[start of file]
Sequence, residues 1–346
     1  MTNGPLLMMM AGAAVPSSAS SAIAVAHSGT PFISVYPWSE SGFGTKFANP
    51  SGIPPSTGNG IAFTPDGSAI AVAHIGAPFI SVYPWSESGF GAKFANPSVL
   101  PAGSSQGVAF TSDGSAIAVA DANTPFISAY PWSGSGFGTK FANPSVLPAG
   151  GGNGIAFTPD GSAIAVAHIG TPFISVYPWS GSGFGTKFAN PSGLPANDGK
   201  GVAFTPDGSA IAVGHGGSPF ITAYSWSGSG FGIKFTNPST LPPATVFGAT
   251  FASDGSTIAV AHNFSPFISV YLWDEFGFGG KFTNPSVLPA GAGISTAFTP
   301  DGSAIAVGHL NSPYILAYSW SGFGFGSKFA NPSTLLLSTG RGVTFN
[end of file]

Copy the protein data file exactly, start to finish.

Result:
Sequence, residues 1–346
     1  MTNGPLLMMM AGAAVPSSAS SAIAVAHSGT PFISVYPWSE SGFGTKFANP
    51  SGIPPSTGNG IAFTPDGSAI AVAHIGAPFI SVYPWSESGF GAKFANPSVL
   101  PAGSSQGVAF TSDGSAIAVA DANTPFISAY PWSGSGFGTK FANPSVLPAG
   151  GGNGIAFTPD GSAIAVAHIG TPFISVYPWS GSGFGTKFAN PSGLPANDGK
   201  GVAFTPDGSA IAVGHGGSPF ITAYSWSGSG FGIKFTNPST LPPATVFGAT
   251  FASDGSTIAV AHNFSPFISV YLWDEFGFGG KFTNPSVLPA GAGISTAFTP
   301  DGSAIAVGHL NSPYILAYSW SGFGFGSKFA NPSTLLLSTG RGVTFN